How to support a widowed parent on Mother’s Day
Birthdays, anniversaries, and holidays can bring on a cascade of emotions for widowed parents. Mother’s Day is no exception. Widowed parents are under a lot of pressure to be strong for the kids, take on all the household and parenting responsibilities that were once shared by two, and build as normal a life as possible for their children—all while grieving for their spouse. They’re forced to cope with the profound loss of a partner while also taking on a new set of challenges as a single parent. As a friend or family member of a widowed parent, you have an opportunity to help them through what could be a difficult Mother’s Day for them and their children.
Let them know you care
It’s normal to feel a little nervous about broaching sad topics, but it’s one of the most helpful things you can do for a parent who is grieving for their partner. If you’re worried that you will somehow remind them of their deceased partner, don’t—they couldn’t possibly forget. This Mother’s Day, let them know that you’re thinking of them. It reminds them that you care and that you recognize the weight the day might carry for their family.
Dr. Don Rosenstein is a psychiatrist and Dr. Justin Yopp a clinical psychologist at the Lineberger Comprehensive Cancer Center at the University of North Carolina at Chapel Hill. After realizing that few resources existed for parents who lost a spouse to cancer, they started a support group nearly a decade ago. According to them, “People often hesitate to say something because they don’t want to say the wrong thing. The best approach here is to acknowledge the challenging time but avoid suggesting that it’s one you can identify with. Also, it never hurts to compliment a widowed mother or father on what a wonderful job as a parent that they are doing under unimaginably trying times.”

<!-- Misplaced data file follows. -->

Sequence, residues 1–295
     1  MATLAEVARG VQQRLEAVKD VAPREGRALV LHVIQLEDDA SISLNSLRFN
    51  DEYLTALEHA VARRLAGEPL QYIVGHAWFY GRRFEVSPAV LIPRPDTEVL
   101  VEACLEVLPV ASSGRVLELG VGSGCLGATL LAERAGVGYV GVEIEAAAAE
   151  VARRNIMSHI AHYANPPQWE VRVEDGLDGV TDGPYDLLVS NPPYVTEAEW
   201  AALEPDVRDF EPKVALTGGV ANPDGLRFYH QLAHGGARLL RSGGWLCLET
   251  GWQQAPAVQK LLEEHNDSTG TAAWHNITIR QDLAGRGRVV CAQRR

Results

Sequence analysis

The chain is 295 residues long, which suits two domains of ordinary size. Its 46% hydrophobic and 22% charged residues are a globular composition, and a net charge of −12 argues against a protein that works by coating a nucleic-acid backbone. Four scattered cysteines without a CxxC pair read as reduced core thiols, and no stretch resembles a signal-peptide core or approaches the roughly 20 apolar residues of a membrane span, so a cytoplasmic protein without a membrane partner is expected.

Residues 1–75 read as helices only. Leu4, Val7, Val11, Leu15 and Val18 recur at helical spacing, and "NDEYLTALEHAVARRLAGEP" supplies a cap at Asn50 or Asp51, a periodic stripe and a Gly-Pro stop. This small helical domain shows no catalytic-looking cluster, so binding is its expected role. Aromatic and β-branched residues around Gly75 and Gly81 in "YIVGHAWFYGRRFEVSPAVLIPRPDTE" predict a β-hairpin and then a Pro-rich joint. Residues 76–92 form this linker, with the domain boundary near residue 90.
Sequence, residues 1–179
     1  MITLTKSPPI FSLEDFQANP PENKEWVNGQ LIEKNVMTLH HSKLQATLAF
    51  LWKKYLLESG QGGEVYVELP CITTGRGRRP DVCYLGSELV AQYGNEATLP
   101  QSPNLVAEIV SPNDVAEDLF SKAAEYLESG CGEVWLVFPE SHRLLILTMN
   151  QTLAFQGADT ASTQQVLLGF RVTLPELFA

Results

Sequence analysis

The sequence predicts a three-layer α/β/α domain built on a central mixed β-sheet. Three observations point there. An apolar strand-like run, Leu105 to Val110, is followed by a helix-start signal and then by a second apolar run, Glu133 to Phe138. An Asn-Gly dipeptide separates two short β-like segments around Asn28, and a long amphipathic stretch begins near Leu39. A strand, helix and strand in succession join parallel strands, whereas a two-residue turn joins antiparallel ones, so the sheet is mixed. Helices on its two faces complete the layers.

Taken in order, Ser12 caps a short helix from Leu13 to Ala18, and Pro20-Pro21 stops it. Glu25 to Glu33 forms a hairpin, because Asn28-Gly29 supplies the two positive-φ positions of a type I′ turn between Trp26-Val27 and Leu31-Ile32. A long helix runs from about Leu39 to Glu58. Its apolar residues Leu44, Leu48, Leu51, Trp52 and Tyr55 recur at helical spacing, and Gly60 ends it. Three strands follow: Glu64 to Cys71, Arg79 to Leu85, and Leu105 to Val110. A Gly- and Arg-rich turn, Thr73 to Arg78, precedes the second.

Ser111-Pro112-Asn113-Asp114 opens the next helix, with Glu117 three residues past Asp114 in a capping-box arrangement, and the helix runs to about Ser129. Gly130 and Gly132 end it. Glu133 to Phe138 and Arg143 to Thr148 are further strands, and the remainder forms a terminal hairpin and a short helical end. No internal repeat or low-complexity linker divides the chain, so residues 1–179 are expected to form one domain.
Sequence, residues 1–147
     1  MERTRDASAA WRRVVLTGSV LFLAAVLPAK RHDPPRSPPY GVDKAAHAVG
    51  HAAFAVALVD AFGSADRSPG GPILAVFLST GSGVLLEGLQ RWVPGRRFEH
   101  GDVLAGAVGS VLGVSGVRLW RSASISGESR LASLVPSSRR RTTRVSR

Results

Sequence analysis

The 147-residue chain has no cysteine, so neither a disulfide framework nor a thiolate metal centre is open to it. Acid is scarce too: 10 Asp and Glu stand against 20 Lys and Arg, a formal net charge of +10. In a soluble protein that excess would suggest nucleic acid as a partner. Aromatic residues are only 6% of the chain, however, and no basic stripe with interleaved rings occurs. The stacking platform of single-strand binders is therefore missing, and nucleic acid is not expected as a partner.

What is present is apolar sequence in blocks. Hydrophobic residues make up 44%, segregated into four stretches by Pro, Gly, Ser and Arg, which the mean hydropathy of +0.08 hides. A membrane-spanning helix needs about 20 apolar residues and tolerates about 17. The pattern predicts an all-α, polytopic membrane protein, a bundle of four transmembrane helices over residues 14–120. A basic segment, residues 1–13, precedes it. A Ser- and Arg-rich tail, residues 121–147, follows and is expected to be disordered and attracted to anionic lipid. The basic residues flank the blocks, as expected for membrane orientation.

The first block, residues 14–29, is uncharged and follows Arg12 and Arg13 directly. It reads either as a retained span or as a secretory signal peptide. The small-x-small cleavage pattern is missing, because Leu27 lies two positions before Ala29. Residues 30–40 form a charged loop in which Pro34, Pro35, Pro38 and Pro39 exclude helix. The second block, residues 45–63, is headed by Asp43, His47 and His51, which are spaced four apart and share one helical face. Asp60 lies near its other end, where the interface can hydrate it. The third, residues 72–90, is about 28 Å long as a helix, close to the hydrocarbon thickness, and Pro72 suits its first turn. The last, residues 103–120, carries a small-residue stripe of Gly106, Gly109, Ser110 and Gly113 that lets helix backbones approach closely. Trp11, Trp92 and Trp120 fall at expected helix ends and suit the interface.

If the living parent is a mom
It might be less obvious that this is a difficult day for her. After all, Mother’s Day is her day! But any day can hurt when you’ve lost your spouse, family holidays especially. Friends and family members can help by:
- Reaching out with a simple call, email, or card